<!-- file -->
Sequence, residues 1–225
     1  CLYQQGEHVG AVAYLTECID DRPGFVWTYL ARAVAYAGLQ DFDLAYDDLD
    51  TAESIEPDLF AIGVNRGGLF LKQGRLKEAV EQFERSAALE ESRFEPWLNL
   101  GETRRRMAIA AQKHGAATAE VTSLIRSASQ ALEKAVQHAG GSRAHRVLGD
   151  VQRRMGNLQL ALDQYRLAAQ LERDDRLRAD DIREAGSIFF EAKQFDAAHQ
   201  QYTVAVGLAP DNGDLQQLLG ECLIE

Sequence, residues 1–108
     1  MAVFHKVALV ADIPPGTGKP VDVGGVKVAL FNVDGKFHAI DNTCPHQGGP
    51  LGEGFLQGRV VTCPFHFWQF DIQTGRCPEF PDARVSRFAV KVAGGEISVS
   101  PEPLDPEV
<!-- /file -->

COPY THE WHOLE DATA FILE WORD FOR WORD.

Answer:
Sequence, residues 1–225
     1  CLYQQGEHVG AVAYLTECID DRPGFVWTYL ARAVAYAGLQ DFDLAYDDLD
    51  TAESIEPDLF AIGVNRGGLF LKQGRLKEAV EQFERSAALE ESRFEPWLNL
   101  GETRRRMAIA AQKHGAATAE VTSLIRSASQ ALEKAVQHAG GSRAHRVLGD
   151  VQRRMGNLQL ALDQYRLAAQ LERDDRLRAD DIREAGSIFF EAKQFDAAHQ
   201  QYTVAVGLAP DNGDLQQLLG ECLIE

Sequence, residues 1–108
     1  MAVFHKVALV ADIPPGTGKP VDVGGVKVAL FNVDGKFHAI DNTCPHQGGP
    51  LGEGFLQGRV VTCPFHFWQF DIQTGRCPEF PDARVSRFAV KVAGGEISVS
   101  PEPLDPEV